​A new survey notes that most clients and agencies feel that Google+ marketing doesn't influence their search campaigns.

​Are marketers growing tired of scare tactics being used to convince them Google+ marketing is essential for future SEO success? A recent study from Econsultancy and NetBooster suggests that companies have grown complacent of the social network’s inability to influence search visibility or social traction. While this wariness isn’t enough to turn brands away from Google+ completely, it’s likely a growing concern of the search engine, and it may lead to its ultimate launch of AuthorRank.

In the U.K. Search Engine Marketing Benchmark Report for 2013, client-side respondents and agencies were surveyed about their perceived impact of Google+ on search. Sixty-three percent of clients indicated they weren’t sure if Google+ had any impact on their search campaigns, and 30 percent said the social network had a neutral impact on their efforts. As for agencies, 28 percent said they didn’t know, while 51 percent reported a neutral impact, as well. It’s clear businesses are unsure of how Google+ or social media content published to the network plays into their overarching search marketing campaigns.

Brands may have embraced Google+ because they believed it would impact their PageRank or visibility in SERPs. However, data suggests that, at the moment, it still operates solely as a social network​ with shares climbing higher each year. According to recent insights reported by Brafton, Google+ social shares are expected to outpace Facebook by February 2016. This could be beneficial for companies using the network to fuel social chatter, but for those organizations wanting an SEO edge over the competition, organic content creation may be the only route worth taking today. That is, until Google finally speaks out about its theoretical AuthorRank technology.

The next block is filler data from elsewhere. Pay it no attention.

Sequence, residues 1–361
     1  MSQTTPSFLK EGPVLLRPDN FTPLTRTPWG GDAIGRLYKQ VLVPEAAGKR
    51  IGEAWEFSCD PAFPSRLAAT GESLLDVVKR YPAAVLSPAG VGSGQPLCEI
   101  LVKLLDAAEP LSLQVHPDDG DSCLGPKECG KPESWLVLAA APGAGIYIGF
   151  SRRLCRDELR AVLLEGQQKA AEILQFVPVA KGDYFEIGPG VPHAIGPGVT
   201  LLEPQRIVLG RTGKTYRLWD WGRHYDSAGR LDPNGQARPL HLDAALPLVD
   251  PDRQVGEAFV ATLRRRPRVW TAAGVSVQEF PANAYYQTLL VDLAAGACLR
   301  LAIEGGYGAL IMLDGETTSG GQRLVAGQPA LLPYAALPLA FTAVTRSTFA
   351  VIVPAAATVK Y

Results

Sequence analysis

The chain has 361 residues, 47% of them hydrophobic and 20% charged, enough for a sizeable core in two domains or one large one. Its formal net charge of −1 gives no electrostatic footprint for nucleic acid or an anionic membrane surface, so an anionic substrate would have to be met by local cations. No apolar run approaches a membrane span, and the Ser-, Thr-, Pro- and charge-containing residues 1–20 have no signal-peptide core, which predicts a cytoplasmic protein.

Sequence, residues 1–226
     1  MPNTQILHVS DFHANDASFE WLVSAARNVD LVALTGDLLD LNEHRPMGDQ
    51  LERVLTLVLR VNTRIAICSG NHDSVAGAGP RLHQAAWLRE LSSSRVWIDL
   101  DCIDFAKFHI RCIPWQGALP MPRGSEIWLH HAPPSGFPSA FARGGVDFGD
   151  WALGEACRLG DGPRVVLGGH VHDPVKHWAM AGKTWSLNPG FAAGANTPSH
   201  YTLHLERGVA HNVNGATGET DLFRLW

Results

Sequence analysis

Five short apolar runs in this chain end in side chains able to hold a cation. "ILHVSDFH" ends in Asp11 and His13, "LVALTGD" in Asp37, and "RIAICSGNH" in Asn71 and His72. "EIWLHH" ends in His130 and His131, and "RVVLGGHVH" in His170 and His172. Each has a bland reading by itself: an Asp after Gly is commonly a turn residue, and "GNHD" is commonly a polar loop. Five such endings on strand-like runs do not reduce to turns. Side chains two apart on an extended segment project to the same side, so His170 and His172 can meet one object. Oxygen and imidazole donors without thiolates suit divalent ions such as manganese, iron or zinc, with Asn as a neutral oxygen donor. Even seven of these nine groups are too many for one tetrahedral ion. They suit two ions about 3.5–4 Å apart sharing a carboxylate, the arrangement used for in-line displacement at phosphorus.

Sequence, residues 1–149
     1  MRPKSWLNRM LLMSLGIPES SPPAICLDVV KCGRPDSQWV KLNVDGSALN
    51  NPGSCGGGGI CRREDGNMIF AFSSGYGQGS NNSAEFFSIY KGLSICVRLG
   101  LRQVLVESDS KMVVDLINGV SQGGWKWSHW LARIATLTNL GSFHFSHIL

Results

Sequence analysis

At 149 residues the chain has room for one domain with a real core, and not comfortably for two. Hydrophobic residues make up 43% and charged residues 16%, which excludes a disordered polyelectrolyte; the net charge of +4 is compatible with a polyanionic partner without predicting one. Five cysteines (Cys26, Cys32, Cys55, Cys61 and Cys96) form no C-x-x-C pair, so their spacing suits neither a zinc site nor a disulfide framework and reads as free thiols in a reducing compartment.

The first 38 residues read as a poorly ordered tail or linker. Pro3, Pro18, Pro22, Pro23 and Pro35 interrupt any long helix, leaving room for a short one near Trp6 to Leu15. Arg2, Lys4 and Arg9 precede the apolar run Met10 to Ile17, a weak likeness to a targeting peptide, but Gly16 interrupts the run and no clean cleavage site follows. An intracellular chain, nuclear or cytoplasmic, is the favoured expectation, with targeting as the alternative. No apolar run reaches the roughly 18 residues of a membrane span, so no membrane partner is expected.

Ted Karczewski is an Executive Communications Associate at Brafton. He works to develop his own voice and apply his passions to the evolving world of SEO and content marketing, but he doesn't shy away from writing for fun. After graduating from Suffolk University, Ted used his Communications degree to test out Sports Journalism before Marketing at Brafton.